4 March, 2014, by Paul Yeomans
Dress to impress!
I spoke at an event this morning entitled Dress to Impress. The mismatch between me and the title of the session caused much hilarity for my wife who continually asked me, “so why are YOU speaking at this event again?” To be clear for anyone that knows or has ever met me, I wasn’t giving the keynote speech, I was giving a brief pitch afterwards on the KTP scheme I run.
Prior to the event I was a bit concerned that the whole topic was rather superficial, and not hugely important but as the presentations went on I was reminded of many instances where I had changed my own ‘brand’ to better suit a particular audience which makes me realise that I think much more about this kind of stuff than I might like to admit.
When I worked for a worked for a Danish company one of the first changes we made for trade fairs was the way our sales staff dressed, we moved away from the standard business suits and adopted a slightly more US friendly button down poplin blue shirt and black chino, that aped the majority of the US based businesses around us.
Similarly if I find myself addressing an audience of academics from say the Arts or Humanities I might choose dark jeans and a tweed jacket, rather than a pinstripe suit and tie, simply because I imagine that the audience might feel a pinstripe looks too corporate and commercial. Likewise when myself and colleagues from the Business Engagement Team were asked to give a presentation to one particular school in the faculty of science we agonised over what we should wear, based on what pre-conceptions of out department they might have. Smart or casual? Ties or no ties?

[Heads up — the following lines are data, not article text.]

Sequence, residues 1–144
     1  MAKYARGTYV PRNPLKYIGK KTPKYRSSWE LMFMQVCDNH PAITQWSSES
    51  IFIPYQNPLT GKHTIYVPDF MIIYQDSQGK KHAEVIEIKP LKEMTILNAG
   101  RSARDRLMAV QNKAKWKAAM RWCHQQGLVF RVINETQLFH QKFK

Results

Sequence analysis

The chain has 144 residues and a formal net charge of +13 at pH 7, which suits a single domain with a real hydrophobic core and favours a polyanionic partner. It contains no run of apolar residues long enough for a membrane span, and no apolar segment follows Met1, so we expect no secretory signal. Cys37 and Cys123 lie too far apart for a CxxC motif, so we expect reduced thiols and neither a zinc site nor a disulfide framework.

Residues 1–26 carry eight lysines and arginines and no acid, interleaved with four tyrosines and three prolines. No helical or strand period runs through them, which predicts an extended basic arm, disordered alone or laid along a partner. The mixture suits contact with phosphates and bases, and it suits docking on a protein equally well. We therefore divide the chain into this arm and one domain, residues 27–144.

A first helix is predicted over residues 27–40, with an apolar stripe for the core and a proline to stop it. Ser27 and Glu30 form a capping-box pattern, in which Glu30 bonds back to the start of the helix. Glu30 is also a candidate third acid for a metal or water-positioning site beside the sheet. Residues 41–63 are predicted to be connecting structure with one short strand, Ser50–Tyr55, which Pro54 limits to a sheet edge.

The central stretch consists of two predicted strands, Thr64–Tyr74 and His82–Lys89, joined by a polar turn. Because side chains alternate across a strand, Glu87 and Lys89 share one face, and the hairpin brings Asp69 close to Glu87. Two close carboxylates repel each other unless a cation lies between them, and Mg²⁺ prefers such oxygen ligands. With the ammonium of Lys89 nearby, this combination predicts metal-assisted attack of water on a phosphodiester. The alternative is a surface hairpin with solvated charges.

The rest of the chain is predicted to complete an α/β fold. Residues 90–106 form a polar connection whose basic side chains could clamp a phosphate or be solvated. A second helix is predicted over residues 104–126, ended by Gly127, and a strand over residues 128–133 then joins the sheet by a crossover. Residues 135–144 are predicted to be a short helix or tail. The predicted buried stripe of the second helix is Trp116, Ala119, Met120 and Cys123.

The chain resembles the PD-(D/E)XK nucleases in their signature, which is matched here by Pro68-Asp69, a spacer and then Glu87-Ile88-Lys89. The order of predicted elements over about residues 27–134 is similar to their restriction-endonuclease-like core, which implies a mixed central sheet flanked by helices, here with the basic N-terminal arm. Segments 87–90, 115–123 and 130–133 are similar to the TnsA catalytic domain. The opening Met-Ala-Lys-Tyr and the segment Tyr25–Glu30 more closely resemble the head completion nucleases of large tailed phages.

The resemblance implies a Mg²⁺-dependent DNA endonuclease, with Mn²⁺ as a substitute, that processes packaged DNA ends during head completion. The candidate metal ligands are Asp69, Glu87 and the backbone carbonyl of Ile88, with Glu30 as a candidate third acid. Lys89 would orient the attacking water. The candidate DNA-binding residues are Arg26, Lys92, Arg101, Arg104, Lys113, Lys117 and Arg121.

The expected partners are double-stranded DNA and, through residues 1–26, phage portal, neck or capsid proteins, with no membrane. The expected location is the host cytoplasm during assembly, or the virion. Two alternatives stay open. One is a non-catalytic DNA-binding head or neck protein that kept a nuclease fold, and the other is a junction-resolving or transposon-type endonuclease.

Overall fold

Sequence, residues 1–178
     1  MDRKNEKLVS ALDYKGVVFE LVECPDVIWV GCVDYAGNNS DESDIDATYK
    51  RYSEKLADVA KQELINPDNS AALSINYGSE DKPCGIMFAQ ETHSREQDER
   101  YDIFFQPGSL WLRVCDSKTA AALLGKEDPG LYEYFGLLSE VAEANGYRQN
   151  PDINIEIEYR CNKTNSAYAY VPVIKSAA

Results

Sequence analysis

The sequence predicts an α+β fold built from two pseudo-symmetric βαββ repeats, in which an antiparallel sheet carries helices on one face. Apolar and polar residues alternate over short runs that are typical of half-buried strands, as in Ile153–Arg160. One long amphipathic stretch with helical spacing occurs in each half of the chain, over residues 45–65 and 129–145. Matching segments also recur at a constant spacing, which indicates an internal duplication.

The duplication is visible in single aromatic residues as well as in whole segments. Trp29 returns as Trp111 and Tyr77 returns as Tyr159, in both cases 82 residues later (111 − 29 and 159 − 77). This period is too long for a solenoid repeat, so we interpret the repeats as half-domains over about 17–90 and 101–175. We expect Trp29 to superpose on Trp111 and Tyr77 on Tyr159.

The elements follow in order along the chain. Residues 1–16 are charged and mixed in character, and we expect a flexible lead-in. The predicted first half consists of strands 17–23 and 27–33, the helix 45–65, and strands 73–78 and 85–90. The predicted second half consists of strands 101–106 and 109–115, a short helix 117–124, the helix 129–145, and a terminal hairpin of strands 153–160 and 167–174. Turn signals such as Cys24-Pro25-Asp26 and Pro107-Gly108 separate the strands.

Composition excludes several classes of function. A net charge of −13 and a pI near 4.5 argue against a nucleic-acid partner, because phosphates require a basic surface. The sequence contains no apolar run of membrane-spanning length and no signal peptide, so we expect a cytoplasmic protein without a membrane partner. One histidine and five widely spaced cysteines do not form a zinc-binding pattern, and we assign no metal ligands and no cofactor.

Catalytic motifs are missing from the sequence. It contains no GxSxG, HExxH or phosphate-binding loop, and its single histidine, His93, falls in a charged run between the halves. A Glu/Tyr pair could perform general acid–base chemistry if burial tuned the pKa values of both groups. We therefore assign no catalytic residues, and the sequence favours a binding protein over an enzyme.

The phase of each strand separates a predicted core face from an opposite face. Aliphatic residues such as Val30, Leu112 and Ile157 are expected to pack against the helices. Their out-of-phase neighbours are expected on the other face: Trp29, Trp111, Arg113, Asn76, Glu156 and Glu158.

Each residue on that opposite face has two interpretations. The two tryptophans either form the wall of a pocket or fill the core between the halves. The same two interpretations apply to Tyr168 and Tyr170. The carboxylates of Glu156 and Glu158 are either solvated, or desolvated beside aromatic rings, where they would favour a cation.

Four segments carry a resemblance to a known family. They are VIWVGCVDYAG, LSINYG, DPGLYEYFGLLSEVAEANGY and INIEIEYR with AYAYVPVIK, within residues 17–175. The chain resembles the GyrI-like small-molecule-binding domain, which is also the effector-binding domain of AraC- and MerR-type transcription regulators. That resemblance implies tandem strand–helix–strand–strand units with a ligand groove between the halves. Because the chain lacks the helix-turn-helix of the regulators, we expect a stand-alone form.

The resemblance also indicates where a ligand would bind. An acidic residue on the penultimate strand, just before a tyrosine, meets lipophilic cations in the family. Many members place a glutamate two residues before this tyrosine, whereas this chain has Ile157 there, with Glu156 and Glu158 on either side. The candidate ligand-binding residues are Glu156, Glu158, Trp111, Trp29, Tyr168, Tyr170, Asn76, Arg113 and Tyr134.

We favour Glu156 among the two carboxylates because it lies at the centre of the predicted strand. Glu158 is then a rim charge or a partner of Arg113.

My natural inclination is to match my audience, either in presentations or meetings but perhaps I ought to think a little bit more about what they audience wants from me first. If I stand in front of a bunch of academics who don’t have much commercial experience, maybe it’s ok to look corporate and commercial, because maybe that’s what they want from me. They know their own domains incredibly well, and they might see that I can provide the corporate and commercial input they lack?
Another interesting point for those of us that might instinctively shy away from the notion of ‘dress to impress’ is the extent to which a lack of attention to detail can undermine your own pitch to a potential client. Whilst there is a time and a place for simply letting your product or service take centre stage (Steve Jobs product launches were cited: jeans, black top, sneakers rather than a flash suit) If you turn up at a meeting with dirty fingernails and pitch your excellent reputation for attention to detail your clients may start to have doubts.
Looking at it this way, the way you dress becomes another function of marketing, alongside your website and you promotional material. Even for those of us that might instinctively shy away from form and favour function, the packaging and branding of the ‘product’ does matter to customers, take for example the Aston Martin Cygnet, essentially a Toyota iQ with a posh frock, it sold for £30,000, three times the Toyota. For which you get 3 horsepower more and a nicer interior, and a much larger hole in the bank balance.